We all love a board game but let’s be honest, says Ned, “sometimes the alcohol- and music-fuelled nights are the best.” Unfortunately, this has consequences: the dreaded hangover. And the older you get, the worse the after-effects.
Thankfully, Ned is on hand to investigate the most unique hangover cures from history – to help us all to function in GrownUpLand the day after the night before.
Try munching on some raw sprouts or cabbages to alleviate that nausea. Iszi Lawrence from Making History explains how the Greeks and Romans believed that the grape vine and the cabbage were “natural enemies.”
Another 17th-century cure (which sounds more like an experimental Masterchef recipe) is “a barrel of oysters, some anchovies and a cow’s tongue.” The famous diarist Samuel Pepys reportedly served this up to headache-y guests on New Year’s Day.
And finally, one for the men: try washing your testicles in salt and vinegar. If nothing else, says Ned, the water smells of fish and chips, which is delightful...
None of these options appeal? It might be time to cut back on the booze.
4. If you think house sharing is cramping your style, try living in a refugee camp
Has the housing crisis pushed you back in with your parents? Or forced you to share a flat with friends?
Today’s high rents mean that living in a multi-occupancy property is the only option for an increasing number of adults. Unfortunately, living in such close proximity with family members or mates can make having an active sex life feel slightly unsavoury.
Thankfully, Steve Ali is on hand to puncture the millennial bubble of woe with an insightful reality check. When he was living in the Calais Jungle the Syrian slept back-to-back with other refugees and volunteers in a makeshift room.
“If you’re finding sharing is killing your sex life,” says Steve, “I recommend going to a refugee camp and volunteering for a couple of weeks… When you come home your flat share will feel like a five-star hotel with a secluded beach while Marvin Gaye plays ‘Let’s Get It On.’ Also, you will have done some humanitarian work so you’ll really feel like you deserve some hot, hot loving good times.”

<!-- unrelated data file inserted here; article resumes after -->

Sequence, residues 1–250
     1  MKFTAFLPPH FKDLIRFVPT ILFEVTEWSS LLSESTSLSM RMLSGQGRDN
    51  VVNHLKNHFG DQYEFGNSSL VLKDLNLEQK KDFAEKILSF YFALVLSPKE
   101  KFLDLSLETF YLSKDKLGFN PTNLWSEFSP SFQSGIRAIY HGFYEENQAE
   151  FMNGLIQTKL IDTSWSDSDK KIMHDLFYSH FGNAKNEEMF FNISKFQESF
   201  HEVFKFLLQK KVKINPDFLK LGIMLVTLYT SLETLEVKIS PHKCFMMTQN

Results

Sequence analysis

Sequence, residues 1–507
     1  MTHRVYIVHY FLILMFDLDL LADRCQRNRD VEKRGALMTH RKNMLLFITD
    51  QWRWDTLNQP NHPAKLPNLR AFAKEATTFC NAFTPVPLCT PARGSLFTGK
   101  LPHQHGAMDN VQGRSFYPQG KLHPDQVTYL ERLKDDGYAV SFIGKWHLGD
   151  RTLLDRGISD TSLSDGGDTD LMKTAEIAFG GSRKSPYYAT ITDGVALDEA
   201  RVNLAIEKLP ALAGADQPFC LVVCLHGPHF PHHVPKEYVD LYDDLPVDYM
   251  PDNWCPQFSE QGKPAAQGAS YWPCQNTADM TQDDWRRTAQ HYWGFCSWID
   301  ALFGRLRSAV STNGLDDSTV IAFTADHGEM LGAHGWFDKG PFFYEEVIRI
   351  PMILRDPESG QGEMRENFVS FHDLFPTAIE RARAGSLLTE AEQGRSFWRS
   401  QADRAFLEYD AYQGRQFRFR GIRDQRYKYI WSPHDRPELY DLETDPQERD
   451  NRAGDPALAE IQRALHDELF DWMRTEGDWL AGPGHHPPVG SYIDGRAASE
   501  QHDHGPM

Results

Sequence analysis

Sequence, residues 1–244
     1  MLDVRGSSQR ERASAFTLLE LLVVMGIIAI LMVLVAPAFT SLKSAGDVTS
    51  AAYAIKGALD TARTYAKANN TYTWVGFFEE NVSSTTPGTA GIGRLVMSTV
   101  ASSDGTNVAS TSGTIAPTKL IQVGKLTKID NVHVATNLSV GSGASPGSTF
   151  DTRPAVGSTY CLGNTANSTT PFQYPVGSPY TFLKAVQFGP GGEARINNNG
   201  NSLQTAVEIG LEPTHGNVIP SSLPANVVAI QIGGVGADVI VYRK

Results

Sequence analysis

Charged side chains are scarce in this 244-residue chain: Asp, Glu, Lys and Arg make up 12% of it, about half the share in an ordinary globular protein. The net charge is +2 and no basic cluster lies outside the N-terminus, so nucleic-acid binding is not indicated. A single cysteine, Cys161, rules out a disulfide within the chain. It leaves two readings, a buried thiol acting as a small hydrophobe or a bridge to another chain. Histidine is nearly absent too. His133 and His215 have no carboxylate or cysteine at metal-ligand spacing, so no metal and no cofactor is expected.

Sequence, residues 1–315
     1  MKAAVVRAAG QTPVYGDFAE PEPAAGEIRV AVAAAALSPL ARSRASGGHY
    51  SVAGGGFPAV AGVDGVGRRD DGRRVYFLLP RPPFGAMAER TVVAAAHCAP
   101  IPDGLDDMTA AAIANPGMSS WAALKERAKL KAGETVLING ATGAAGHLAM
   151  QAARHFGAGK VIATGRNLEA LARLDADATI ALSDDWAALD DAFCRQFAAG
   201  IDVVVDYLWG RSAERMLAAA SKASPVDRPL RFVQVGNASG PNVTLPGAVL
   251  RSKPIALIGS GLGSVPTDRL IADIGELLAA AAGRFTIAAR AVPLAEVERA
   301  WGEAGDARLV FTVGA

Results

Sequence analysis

5. Find joy the grown up way by decluttering your life
“It is exhausting trying to be happy,” says Mae. “It’s like a full time job to try and excel in your chosen career, find true love, and have good friends.”
Is there a quick fix?
Marie Kondo thinks there is. The Japanese organisational consultant and author believes we can find joy and peace in our lives through decluttering. We should revise our relationship with everything we own by asking ourselves, “Does it spark joy?” If the answer is no, it’s time to get rid.
Mae is sceptical. Is streamlining our scarves the best way to find happiness? What about going to a theme park, having a glass of wine or going for a nice walk?
Ned gives the Marie Kondo method a crack but can’t ignore that the crisp packets and unopened Coca-Cola from the 2012 Olympics that he finds in his bedroom do in fact spark joy. And although his books about genocide might not bring him happiness, they do provide him with a better understanding of the world. All that this has done, says Ned, is make him more stubborn: "I think it just reminds me of someone telling me what to do.”
There’s only one way to determine whether the method will work for you: open that crammed wardrobe and start looking for joy.